7) A naturalization applicant must demonstrate an understanding of the English language, including an ability to read, write, and speak words in ordinary usage in the English language. An applicant must also demonstrate a knowledge and understanding of the fundamentals of the history, and of the principles and form of government, of the United States.
If you have a “deportable” conviction, and you apply for naturalization, not only your naturalization application can be denied, but you also can end up in removal proceedings. That means that you will have to defend yourself from deportation in Immigration Court.
Some people will be able to apply for Cancellation of Removal, which is a one-time pardon from deportation. If you committed an offense within 7 years after you were admitted to the U.S., you may be ineligible for this defense. If your conviction was for an “aggravated felony” (see below), you will be ineligible for this pardon. But if you plead guilty before April 24, 1996, and have no other offenses, then you may be eligible for a pardon under old laws.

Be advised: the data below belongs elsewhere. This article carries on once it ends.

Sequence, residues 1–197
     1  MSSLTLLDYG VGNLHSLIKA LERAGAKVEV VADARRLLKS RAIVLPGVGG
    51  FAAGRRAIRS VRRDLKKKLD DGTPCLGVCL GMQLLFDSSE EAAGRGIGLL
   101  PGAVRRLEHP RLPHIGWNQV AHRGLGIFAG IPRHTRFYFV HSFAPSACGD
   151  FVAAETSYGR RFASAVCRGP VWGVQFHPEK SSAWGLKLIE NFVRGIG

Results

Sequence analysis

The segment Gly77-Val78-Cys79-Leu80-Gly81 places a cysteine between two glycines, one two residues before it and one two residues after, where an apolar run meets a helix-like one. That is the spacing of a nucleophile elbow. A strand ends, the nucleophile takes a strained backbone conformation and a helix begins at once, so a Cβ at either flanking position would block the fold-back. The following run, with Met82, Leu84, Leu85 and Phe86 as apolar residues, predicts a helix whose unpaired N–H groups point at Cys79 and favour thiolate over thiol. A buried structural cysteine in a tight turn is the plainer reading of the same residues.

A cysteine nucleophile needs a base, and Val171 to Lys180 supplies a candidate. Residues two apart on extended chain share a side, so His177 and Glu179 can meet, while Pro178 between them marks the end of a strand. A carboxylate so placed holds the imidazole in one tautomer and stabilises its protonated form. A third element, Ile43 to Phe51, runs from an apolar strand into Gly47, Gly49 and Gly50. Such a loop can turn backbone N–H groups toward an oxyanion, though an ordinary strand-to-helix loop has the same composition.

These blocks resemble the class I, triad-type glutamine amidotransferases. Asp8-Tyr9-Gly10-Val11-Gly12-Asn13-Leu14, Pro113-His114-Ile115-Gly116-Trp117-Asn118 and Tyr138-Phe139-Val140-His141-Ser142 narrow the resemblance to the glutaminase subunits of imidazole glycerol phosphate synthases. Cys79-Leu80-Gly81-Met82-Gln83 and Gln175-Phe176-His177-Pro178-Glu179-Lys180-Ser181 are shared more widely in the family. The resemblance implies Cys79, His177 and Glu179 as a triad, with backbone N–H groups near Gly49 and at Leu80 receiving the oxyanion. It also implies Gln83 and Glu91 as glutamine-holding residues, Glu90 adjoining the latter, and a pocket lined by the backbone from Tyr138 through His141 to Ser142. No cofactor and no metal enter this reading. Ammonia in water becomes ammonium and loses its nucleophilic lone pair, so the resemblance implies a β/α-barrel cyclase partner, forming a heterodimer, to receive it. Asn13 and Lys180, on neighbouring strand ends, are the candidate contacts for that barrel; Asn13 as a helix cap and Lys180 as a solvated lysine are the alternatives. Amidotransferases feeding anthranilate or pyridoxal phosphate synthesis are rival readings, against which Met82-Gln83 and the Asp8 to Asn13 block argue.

Convictions for the following offenses may trigger initiation of deportation/removal proceedings. You cannot always tell if your conviction fits a particular category just by looking at the name of your offense, so expert advice is highly recommended.